Use of travel destination as an underwriting criterion for life insurance would be severely restricted under a provision of legislation extending the Terrorism Risk Insurance Act introduced in the House last week (see story above).
Lobbyists for the American Council of Life Insurers and member companies participated in the lengthy talks that resulted in the compromise provision, and the ACLI issued a statement voicing support for it.
That means that the provision has a good chance of being included in the final bill extending TRIA, which expires Dec. 31, even though the Bush administration and some senators may seek major changes in other provisions of the expansive House version of the bill.
The provision was termed “groundbreaking” by a lawyer/lobbyist for a life insurer, who conceded that the industry is supporting this compromise because it is the price the industry would have to pay for having group life insurance included in TRIA for the first time since the program was launched in November 2002.
The provision is a victory for Rep. Debbie Wasserman-Schultz, D-Fla., who has been pushing for an outright ban on use of travel destination since she introduced such legislation in 2005.
According to several industry lobbyists and lawyers, Rep. Barney Frank, D-Mass, chairman of the House Financial Services Committee, stepped in to help broker a compromise after talks between industry officials and Wasserman-Schultz broke down about 2 weeks ago.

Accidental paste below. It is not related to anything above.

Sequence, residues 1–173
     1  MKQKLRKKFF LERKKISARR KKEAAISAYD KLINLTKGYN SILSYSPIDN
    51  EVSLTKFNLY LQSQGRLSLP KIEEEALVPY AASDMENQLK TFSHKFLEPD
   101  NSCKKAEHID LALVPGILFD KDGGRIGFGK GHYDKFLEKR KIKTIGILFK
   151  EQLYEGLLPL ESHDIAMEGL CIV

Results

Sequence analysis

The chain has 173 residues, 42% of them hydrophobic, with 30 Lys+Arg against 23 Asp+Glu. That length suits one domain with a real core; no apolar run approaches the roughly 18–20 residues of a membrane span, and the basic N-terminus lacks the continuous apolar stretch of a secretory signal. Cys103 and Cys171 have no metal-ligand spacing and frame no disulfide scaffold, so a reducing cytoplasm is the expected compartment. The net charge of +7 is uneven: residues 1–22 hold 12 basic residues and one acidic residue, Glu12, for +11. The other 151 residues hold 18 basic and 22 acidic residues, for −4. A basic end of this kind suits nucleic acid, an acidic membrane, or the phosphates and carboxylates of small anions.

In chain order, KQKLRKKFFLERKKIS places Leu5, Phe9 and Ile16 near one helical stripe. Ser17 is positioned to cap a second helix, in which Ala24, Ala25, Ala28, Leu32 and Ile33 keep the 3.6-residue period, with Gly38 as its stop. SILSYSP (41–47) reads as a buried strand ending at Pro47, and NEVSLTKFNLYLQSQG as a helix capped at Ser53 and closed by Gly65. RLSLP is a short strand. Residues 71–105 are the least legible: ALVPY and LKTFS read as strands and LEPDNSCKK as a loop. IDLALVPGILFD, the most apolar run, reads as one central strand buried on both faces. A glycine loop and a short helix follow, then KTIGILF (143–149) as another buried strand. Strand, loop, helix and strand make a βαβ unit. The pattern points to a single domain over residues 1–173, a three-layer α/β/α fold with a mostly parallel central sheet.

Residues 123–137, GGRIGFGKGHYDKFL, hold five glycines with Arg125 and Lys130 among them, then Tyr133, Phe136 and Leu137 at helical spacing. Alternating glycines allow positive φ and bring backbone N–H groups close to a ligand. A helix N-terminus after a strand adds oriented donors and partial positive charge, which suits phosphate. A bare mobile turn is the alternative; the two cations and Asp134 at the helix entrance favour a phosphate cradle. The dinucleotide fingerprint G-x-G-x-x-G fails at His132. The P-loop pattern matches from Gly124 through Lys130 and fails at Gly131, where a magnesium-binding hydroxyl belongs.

This was alluded to in a statement from ACLI president and CEO Frank Keating supporting the provision issued last week.
“This has been a contentious subject in the states and Congress over the past 2 years,” Keating said. “We’re pleased with Chairman Frank’s leadership in finding a middle ground on this issue.”
Most importantly, Keating added, “the provision preserves our member companies’ ability to consider certain risks associated with travel outside of the United States as part of their underwriting.”
Wasserman-Schultz said she is hopeful that she has enough support to ensure that the provision survives the rest of the legislative process.
She said she is working with Sen. Charles Schumer, D-N.Y., who wants to introduce the provision as a free-standing bill in the Senate relatively soon. Schumer is also a member of the Senate Banking Committee, which will be the first panel to consider the TRIA bill in the Senate.
Wasserman-Shultz also noted the strong support of Frank.
“My argument has always been that if you allow headlines to dictate American business practices, then the terrorists win,” Wasserman-Schultz said. “That is why the TRIA bill is an appropriate place to put this.”